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Change your sleeves - change your look - Almain sleeves

In this series of posts I’m going to share my experience of making different types of sixteenth century sleeves,  starting with a fashion called Almain sleeves.  I made these when pattern testing for the Tudor Tailor’s forthcoming book “The Typical Tudor”, which will include full  instructions. - learn more here The Tudor Tailor


Here I’ll just give you a flavour of the construction techniques involved.



But first a bit of background……………….

Sixteenth century sleeves, both for men and for women, were often separate items, sometimes made up of several different parts.  Setting a sleeve in requires quite a high level of tailoring skill which would not have been available to everyone. But our Tudor and Elizabethan forebears were also very clever in their use of costly fabric and always had an eye on making a little go a long way.  Adding a different pair of sleeves was a great way of using a small amount of expensive fabric to completely change the look of an outfit and bring it up to date with the latest fashion trends.


I’ve also found that separate sleeves are much more comfortable to wear.  Leaving the underarm free allows a greater range of movement, particularly with the heavily padded and ornately decorated sleeves favoured by the wealthy during Elizabeth’s reign. It also allows for more air circulation which is a real boon in hot weather, and helps prevent any staining on the gown or the sleeve.  The linen shift worn underneath can, of course, be frequently laundered - just as it would have been in their time.



In the sixteenth century we see increasing use of clothing to completely change the silhouette or the wearer.  King Henry used puffed, padded and paned sleeves to increase the breadth of his shoulders, contributing to that familiar, larger-than-life, majestic figure he was so keen to promote.   He and his fellow Kings across Europe favoured the rather “macho” fashion for “slashing garments, which I’ve described in my video “Slashed sleeves”. Initially this involved pulling the shift worn underneath through the slashes, but soon richer fabrics like silk were placed behind. Of course, where royalty lead, fashion followed.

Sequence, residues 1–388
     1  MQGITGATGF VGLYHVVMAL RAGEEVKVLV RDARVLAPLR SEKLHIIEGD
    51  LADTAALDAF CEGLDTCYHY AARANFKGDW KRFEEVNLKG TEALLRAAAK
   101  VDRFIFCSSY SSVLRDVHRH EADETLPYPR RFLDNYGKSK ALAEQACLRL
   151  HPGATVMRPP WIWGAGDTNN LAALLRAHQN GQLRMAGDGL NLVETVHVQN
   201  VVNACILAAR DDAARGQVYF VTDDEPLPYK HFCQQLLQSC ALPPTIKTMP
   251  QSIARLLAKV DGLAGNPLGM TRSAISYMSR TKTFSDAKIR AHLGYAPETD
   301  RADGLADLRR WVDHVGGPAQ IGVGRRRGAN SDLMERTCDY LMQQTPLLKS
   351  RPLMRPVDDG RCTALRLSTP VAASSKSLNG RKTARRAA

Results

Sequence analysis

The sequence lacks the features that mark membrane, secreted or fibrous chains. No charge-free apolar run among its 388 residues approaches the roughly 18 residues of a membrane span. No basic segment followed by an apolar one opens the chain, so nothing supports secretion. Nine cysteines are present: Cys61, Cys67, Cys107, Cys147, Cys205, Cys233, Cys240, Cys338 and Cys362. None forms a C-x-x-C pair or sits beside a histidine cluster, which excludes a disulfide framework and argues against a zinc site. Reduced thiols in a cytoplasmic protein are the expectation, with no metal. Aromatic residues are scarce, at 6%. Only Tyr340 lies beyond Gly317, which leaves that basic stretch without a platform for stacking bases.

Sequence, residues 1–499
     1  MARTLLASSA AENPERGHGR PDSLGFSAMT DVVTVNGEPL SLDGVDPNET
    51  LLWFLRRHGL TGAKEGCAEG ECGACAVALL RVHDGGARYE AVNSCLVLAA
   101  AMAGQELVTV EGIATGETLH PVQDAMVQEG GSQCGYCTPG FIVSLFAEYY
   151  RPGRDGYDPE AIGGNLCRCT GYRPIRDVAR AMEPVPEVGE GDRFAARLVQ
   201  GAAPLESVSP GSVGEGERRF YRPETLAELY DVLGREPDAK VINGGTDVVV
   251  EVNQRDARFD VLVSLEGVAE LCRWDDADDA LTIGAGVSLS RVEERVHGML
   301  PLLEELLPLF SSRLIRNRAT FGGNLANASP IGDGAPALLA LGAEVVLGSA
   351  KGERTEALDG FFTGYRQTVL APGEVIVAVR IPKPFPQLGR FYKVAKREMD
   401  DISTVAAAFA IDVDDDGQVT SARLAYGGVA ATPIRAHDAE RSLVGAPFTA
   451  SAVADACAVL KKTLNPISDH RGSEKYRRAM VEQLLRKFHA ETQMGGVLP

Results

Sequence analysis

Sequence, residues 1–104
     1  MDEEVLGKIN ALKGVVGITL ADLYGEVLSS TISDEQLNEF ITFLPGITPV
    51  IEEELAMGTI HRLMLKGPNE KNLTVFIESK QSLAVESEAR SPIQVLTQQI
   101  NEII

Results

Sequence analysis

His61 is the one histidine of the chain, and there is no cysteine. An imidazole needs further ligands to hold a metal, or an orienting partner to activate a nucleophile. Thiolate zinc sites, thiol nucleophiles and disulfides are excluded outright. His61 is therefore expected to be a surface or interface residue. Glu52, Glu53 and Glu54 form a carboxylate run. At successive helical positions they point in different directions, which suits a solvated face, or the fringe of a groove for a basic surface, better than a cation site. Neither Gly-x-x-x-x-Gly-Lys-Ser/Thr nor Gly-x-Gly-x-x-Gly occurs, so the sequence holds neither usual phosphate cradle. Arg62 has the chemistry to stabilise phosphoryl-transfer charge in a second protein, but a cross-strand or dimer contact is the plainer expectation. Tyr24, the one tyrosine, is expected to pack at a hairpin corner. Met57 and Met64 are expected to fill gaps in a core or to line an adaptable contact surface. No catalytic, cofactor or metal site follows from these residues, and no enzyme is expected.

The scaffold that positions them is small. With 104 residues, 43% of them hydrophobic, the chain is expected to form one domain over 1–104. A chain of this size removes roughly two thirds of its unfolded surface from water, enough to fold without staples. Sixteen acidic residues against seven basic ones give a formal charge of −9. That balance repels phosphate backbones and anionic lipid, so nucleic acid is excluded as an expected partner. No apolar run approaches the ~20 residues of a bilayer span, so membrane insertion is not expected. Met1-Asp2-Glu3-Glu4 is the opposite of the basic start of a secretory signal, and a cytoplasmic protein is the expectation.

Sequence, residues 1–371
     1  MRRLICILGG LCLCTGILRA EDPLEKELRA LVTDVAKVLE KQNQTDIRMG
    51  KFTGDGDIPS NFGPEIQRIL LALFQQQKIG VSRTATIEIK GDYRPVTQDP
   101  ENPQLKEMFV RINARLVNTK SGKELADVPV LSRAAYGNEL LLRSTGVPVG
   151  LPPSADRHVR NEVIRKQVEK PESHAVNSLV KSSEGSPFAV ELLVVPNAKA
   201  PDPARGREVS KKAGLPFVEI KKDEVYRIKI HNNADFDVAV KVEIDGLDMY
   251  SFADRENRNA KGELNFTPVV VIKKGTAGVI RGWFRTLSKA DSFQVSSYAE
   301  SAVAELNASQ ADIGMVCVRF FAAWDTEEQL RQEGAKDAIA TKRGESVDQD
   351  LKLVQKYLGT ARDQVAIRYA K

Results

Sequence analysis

Sleeves were attached using ties, laces, and pins, and might come in several parts - an upper sleeve, a fore-sleeve, and cuffs,  each of which could be interchanged.  The possibilities for mix and match are endless. It certainly makes a lot of sense to have separate cuffs, to allow independent laundering of an area that could easily become soiled, but was often embellished with embroidery or lace requiring careful handling.   

Almain sleeves

The name comes from the French word for Germany, so it’s likely that this way of arranging the slashes in fore-sleeves was introduced from that country.   A relatively small amount of fabric is needed, so even those lower down the social order might aspire to have this design, should they come by a scrap of silk.  It works equally well with contrasting colours of linen or wool, if a more luxurious fabric is not available.

I wanted to team these sleeves with my red gown under existing hanging upper sleeves, so I used the same heavy velour fabric as the gown, with gold coloured silk for the decorative lining.  As part of my drive to understand historical sewing methods I stitched these sleeves entirely by hand.  The velour fabric was a difficult choice - next timeI’ll use something less bulky.





First I cut fabric strips  - panes - from velour and attached linen lining to each by hand.


Next I cut a rectangle of decorative lining and placed three rows of gathering threads as shown.


Then the panes were laid over the the decorative lining and are fixed in place with running stitches





Sleeve bands cut from velour were sewn over the gathering lines and the paned lower part  attached to an upper sleeve portion before the long seam was closed.




Lastly .a linen lining was added. The part I found most tricky was adding a few stitches to secure the sleeve to the lining at the right point over the gathers to control the puffs.




Sewing through that thick fabric was also hard work. 



But under my hanging upper sleeves they work a treat, with separate cuffs tied in place with tapes.

You can see each part of these sleeves being added to my costume in my vieo "dressing my Lady".













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